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FOTO Rehab Outcomes Blog

G Code Severity Modifiers Lack Responsiveness to Change

I had reservations about the Functional Limitation G Codes and the Severity Modifiers as defined by Centers for Medicare and Medicaid Services (CMS). 


I am all for quality and transparency around quality. I'm also for setting standards of care based on quality. What I don't appreciate: reporting functional limitation and severity modifiers that aren't standardized, valid or reliable. Everyone who participates with Medicare has been reporting this information. Future decisions will be made based on the data from what is reported.

CMS mandated something that will have ramifications for our profession. CMS views rehabilitation as a cost generator. I highly doubt that CMS will change its view because what was mandated isn't adequate for providing helpful information on the change that occurs with receiving rehabilitation services.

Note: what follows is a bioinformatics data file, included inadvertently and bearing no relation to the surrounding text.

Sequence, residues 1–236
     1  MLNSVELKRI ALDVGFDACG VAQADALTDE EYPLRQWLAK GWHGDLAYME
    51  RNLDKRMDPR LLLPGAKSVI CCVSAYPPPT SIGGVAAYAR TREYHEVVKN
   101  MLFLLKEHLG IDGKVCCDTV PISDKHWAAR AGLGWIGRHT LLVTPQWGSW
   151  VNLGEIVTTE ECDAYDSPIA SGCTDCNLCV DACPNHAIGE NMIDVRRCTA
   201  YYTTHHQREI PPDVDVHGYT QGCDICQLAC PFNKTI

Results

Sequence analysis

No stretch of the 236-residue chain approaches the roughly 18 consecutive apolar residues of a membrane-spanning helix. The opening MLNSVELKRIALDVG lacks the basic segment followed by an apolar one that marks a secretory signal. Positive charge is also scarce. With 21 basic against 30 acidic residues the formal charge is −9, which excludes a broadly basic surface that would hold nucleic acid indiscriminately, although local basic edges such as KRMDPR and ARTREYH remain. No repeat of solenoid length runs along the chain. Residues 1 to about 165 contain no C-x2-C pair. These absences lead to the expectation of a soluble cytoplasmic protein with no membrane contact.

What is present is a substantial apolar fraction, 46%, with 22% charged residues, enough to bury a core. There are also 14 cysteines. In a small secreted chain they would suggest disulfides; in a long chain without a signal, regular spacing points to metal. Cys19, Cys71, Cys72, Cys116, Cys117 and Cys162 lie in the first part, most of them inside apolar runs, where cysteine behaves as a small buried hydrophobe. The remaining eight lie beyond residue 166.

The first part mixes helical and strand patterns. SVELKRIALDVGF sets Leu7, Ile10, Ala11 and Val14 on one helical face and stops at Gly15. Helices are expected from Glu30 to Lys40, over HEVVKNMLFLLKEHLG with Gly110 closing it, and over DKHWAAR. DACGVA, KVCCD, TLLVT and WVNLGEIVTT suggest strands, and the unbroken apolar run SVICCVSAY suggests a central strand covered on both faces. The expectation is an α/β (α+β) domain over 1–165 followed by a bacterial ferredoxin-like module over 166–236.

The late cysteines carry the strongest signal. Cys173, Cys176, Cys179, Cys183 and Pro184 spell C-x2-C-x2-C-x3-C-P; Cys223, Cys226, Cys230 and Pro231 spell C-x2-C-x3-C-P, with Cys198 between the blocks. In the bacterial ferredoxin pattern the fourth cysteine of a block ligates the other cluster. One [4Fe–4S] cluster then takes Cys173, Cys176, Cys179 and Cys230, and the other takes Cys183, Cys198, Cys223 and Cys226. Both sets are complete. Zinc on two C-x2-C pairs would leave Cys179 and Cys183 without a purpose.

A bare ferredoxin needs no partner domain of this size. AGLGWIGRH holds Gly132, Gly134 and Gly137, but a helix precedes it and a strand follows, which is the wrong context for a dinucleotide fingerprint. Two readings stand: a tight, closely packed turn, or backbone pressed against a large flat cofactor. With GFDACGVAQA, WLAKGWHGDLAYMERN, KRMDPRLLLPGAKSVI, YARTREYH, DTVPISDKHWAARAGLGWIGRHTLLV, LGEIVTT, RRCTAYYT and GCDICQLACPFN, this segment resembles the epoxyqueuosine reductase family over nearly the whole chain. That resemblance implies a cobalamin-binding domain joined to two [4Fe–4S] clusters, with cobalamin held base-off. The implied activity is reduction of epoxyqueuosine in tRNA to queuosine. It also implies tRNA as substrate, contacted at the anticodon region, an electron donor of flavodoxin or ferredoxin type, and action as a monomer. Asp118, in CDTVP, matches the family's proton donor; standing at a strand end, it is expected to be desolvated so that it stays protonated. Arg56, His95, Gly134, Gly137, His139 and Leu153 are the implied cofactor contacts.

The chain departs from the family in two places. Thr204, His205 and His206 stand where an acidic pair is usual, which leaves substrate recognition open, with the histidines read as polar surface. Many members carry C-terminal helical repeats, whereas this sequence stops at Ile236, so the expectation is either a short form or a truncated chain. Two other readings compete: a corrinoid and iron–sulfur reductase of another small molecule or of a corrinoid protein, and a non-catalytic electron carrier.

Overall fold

There is currently one published study indicating the short comings of CMS mandated functional reporting. For those of you using AM-PAC, I have bad news for you. Where the initial AM-PAC score falls within the correlated severity modifier has an impact on whether the patient will improve or decline. In other words, since the severity modifiers are not matched with the measurement tool and the tool's responsiveness to change, your patient's actual change is not being captured. 

When mandates are not based on science or evidence, the results can be suboptimal. The results of this study irritate me. For those of us who have been doing the right thing and have been very conscientious about measuring and managing quality, we have a huge obstacle to overcome. CMS mandates something that is not adequate with regard to responsiveness to change.

I don't know the answer... and I don't know the track record of CMS admitting errors like this. This type of error will provide a foundation for future decisions: future decisions based on garbage.

Until next time,